Cave Of Forgotten Dreams
Discovered in 1994, the Chauvet Cave is a site of unique artistic quality. Sealed off for tens of thousands of years by a collapsed cliff-face, the paintings of lions and rhinos and bears (oh my!) have been preserved in almost immaculate condition. Crystallised over time, the images glimmer in the minimal light that is allowed into the caves giving the paintings their own movement and life. The paintings were touched up and added to by generations of artists for over 10,000 years – an incomprehensible amount of time. It would be like giving the Mona Lisa a face lift every few years until the whole of Italy was submerged by those rising sea levels we hear so much about.
Cave of Forgotten Dreams explores the fantasy and the science behind these amazing works of art. Interviews with historians and scientists provide an insight into the mysterious lives of the cave artists. Although Herzog is undeniably profoundly inspired by the Chauvet cave, he allows us a little giggle at some of the more mad attempts by the experts to explain their findings. However, whether you’re an art theory buff or not or not you can appreciate these paintings at face value. The detail is impeccable – there were even doubts about their authenticity at first – and some of the animals have several legs that depict their movement across the cave walls. Something Herzog even claims heralds the art of cinema. In true Herzog style, the film opens your mind to more philosophical ways of thinking. The director uses the earliest recorded images of humanity to question humanness itself – so if you’re a fan of his poetic approach you won’t be disappointed.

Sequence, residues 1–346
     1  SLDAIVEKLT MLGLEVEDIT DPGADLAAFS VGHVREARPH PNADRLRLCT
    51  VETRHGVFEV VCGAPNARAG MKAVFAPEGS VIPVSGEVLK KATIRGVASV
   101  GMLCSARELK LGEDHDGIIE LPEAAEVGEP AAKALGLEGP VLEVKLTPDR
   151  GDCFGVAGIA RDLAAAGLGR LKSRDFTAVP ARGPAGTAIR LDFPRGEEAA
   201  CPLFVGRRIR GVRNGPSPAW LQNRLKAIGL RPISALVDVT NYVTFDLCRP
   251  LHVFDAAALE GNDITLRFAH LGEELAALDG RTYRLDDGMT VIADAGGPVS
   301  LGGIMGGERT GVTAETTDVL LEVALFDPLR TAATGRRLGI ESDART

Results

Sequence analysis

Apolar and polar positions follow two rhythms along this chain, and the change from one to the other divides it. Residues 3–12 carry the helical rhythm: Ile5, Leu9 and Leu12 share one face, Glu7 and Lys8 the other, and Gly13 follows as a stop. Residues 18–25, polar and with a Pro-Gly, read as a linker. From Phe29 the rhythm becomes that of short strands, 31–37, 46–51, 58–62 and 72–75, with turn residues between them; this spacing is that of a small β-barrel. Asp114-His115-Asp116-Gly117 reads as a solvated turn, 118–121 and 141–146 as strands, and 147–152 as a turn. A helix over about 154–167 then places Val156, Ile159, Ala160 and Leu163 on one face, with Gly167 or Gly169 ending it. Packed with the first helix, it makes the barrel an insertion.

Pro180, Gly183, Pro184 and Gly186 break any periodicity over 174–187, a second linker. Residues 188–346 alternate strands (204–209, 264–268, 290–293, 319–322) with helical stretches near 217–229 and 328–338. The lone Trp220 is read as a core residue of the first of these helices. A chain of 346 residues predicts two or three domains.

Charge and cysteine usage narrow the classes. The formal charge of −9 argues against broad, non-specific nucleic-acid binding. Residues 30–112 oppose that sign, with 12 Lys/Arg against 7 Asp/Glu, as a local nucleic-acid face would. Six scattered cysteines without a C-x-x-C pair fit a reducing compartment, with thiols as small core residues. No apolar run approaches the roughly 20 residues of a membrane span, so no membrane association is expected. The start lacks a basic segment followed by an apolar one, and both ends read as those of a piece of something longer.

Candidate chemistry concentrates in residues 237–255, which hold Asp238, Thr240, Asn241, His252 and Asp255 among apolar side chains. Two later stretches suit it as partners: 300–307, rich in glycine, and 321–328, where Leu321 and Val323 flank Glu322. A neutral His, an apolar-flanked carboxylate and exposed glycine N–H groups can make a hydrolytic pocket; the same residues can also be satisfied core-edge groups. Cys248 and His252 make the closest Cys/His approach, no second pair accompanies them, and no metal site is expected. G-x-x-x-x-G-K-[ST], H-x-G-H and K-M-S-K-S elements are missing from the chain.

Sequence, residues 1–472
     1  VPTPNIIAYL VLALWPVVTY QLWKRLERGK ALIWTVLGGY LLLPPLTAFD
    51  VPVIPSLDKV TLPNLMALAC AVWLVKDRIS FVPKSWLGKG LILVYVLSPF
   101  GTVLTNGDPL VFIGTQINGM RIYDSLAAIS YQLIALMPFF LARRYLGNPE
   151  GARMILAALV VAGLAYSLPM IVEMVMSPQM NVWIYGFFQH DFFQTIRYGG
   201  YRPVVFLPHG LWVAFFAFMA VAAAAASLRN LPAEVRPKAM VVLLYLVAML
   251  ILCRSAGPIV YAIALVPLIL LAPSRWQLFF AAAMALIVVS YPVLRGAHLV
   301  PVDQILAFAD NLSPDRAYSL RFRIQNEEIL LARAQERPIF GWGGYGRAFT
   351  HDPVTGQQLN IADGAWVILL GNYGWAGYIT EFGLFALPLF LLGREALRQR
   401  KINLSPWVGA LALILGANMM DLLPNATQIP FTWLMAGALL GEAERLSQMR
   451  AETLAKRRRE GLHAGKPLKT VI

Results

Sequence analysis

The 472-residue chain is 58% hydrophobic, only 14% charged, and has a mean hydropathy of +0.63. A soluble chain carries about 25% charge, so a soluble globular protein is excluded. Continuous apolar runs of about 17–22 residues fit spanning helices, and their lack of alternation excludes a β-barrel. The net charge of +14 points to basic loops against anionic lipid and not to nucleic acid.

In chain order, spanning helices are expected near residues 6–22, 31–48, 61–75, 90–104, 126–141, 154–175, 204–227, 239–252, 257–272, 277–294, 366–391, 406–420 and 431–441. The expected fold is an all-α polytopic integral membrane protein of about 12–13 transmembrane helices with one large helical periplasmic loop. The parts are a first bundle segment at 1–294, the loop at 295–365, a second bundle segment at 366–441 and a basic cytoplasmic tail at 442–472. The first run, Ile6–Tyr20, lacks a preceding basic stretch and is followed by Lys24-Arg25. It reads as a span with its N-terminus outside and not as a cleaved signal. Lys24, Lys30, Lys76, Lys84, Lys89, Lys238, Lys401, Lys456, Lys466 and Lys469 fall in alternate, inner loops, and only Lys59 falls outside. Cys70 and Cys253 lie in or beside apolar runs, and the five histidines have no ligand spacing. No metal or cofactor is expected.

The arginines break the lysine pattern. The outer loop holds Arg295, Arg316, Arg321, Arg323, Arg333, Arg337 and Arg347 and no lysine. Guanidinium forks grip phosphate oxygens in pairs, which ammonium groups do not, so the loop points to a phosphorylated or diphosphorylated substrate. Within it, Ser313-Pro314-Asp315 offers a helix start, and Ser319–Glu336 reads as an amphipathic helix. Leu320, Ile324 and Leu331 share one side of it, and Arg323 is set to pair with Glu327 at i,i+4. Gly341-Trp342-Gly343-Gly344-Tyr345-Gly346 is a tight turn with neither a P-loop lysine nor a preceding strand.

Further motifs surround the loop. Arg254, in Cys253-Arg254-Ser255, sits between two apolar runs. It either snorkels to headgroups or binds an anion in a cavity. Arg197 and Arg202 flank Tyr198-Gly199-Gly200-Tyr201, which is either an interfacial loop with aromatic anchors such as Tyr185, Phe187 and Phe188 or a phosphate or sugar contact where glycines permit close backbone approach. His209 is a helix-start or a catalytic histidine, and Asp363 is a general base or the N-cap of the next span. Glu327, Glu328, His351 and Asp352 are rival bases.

This documentary is a feat of movie-making in itself. The 3D cameras are necessary to fully capture the paintings in their sublime existence, but they had to be rebuilt and redesigned specifically for this film. With almost toxic levels of carbon dioxide and radon in the cave, the team could only spend a few hours a day filming and had a limited space of time overall to complete their task. The cave paintings are so delicate – even human breath could damage them – that Herzog and his team were confined to a 2 foot wide metal walkway through the site. Only a handful of researchers have seen these works before and the French government enforce the strictest protocols on the Chauvet Cave. This movie really is one of a kind.
Ultimately, this film wouldn’t be what it is without 3D. Notoriously content with 2D, Herzog uses that extra dimension to ensure we see these images in the way they were meant to be seen. From handprints to images of the extinct cave bear, the paintings could have been created yesterday and it is almost impossible to imagine the scale of time that has passed. The director himself has said that his intellectual and spiritual awakening was connected to this type of cave painting – it’s easy to see why. Not just long-haired dirty blokes clubbing each other with sticks, these Paleolithic people were cultured folk – and my how they could paint. Enjoy having your mind blown? Go see this. Word of warning: if you don’t like choir music a la Cathedrals, then maybe take some ear plugs.